7-12 (17.8-30.5) 20-22 (50.8-55.9) 12-14 (30.5-35.6) 16-24 (40.6-61.0)
Adjustable

Vibration Isolation


You should design vibration isolation into the seat-workstation installation whenever possible to reduce operator exposure to bumps, jolts, and other mechanical shocks. When space permits, this isolation is generally achieved by a spring and shock absorber or damper. Although cushions are used primarily for static comfort, they are also effective in decreasing the transmission of vibration above the resonance range of the human body. They are ineffective in the resonance range and may even amplify the vibration in the subresonance range. The seat should also offer lateral support (as in a concave seat back) against jerks, heavy swaying, or shocks while tramming. The shock-absorbing qualities of the seat should be suitable for fitting operators ranging in weight from the 5th-percentile female to the 95th-percentile male. A passive (molded seat pan) or active (seat belt) occupant restraint system should also be incorporated into the seat-workstation to prevent the operator from being thrown out of the seat during a turn, hard bump, or collision.

Workstation Integration


All seat adjustment levers, knobs, or buttons should be within hand's reach by 5th-percentile female and 95th-percentile male operators, should not block ingress or egress, and should not pose impact hazards in the event that unexpected machine motions throw the operator from the seat. All adjustment operations should be quick and should not require great force or the use of tools. The seat adjustment controls and moving parts should be able to be operated without risk of trapping fingers and should be designed so that they cannot be inadvertently removed. The adjustments should lock in all positions and should be spring loaded, where necessary, to help the operator in moving forward to a more upright position. All operating instructions should be clear and permanently displayed near the seat.

The seat should not interfere with trunk, head, or limb movements needed to operate the machine. The seat should not restrict the operator's ability to see primary Visual Attention Locations.

Maintainability


The seat pan and backrest covers should be easily changed or repaired and should be washable so that they can be maintained in good condition. The edges of the seat assembly should be smoothed or rounded so as not to catch clothing or equipment.

The seat adjustment mechanisms should be self-cleaning and able to withstand excessive water, dirt, and debris. The seat assembly components should be corrosion-resistant. The seat assembly construction should be robust, and the seat should feel solid and safe to the user. The seat should be easily removed from the workstation to effect repairs or to be replaced.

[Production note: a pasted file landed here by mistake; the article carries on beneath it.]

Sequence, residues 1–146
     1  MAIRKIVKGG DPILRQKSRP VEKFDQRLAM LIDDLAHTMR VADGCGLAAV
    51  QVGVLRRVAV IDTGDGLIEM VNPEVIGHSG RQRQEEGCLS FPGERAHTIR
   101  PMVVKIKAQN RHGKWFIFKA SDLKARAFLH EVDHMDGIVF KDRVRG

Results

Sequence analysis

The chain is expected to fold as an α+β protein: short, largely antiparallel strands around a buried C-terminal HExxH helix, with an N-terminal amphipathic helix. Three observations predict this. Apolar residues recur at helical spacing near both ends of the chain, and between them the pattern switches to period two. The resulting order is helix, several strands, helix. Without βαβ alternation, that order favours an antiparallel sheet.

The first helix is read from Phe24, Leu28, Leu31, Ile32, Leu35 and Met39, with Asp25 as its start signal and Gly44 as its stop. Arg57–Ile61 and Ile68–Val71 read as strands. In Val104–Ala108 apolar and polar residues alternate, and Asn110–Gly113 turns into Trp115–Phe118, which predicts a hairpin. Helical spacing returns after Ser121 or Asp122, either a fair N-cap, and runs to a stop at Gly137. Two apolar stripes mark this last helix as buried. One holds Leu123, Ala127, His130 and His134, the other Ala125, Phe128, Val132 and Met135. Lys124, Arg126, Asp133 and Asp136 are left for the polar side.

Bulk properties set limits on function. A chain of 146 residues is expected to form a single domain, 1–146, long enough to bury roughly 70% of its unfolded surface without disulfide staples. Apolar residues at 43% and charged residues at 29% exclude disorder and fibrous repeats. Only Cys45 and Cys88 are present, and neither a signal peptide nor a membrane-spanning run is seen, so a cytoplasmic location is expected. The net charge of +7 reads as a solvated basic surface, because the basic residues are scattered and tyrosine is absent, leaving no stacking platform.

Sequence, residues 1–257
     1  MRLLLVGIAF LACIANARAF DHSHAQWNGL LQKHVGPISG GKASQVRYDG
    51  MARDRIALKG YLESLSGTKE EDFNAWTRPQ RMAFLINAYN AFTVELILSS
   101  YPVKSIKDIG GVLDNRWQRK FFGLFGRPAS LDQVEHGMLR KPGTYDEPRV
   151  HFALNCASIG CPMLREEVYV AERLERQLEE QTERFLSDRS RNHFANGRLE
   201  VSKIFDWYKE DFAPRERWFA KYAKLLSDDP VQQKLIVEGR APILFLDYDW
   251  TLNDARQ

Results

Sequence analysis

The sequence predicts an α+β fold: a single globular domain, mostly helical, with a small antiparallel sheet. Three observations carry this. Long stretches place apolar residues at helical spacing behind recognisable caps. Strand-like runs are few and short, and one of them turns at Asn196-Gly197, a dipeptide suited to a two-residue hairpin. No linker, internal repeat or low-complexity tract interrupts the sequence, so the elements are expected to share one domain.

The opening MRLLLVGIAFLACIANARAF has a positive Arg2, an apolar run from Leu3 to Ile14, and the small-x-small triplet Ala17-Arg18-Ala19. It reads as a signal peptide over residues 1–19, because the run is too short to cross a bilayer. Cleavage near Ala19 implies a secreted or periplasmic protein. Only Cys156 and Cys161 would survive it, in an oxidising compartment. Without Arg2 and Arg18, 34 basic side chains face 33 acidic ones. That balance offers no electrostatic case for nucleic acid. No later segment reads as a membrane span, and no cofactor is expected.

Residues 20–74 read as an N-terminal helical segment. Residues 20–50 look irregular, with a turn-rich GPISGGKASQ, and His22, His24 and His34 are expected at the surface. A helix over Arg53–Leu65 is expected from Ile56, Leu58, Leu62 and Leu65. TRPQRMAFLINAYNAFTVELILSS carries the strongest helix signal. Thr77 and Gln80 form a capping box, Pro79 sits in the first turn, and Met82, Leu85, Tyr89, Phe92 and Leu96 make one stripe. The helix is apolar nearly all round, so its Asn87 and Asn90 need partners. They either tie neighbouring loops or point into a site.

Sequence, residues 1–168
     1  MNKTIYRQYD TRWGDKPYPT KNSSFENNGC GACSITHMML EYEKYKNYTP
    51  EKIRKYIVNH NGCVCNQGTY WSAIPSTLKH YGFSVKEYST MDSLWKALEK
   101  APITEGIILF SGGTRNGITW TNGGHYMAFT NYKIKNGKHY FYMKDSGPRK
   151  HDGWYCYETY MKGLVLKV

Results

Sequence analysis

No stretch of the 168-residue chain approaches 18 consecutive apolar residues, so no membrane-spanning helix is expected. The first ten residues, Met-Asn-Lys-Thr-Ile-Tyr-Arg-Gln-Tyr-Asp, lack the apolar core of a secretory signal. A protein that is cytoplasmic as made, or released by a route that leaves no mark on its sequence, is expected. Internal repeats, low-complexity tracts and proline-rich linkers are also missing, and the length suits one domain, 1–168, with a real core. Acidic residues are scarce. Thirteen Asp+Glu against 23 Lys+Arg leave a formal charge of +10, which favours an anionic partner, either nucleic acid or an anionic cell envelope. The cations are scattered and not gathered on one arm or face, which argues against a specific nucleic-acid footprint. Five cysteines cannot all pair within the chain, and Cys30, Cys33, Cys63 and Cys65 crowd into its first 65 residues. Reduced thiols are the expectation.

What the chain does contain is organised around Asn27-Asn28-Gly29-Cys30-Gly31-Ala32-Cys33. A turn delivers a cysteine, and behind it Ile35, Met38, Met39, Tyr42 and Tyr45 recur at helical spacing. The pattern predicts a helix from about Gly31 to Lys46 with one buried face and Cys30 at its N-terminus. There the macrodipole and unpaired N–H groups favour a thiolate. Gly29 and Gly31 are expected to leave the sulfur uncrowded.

Improved Seating Example


In an attempt to improve low seam seating in shuttle cars, researchers at the NIOSH Pittsburgh Research Center modified the original seat in a JOY 21SC shuttle car used at an eastern Kentucky mine. The coal seam at this mine is 35 in (88.9 cm) thick with an operating height of approximately 43 in (109.22 cm). Owing to the low mining height, operators must adopt a reclining posture to operate the shuttle car.

From observing and talking with the shuttle car operators, it became obvious that the original seat provided little adjustability or lower back support. Modifications to the original seat resulted in a more ergonomically designed version with an easily adjustable lumbar support, fore-aft seat pan movement, and viscoelastic foam padding.

The padding included six layers of foam, each .5 in (1.27 cm) in thickness. Three of the layers were CONFOR medium-density, open-celled polyurethane foams from E-A-R Specialty Composites Corporation, Newark, DE. The remaining three foam materials were an organic composition of more than 50% plant derivatives manufactured by Dynamic Systems, Inc., Leicester, NC.

Original and modified seats

The picture on the left is the original JOY 21 SC shuttle car seat. The picture on the right is the modified seat with an adjustable lumbar support, fore-aft seat pan movement, and viscoelastic foam padding.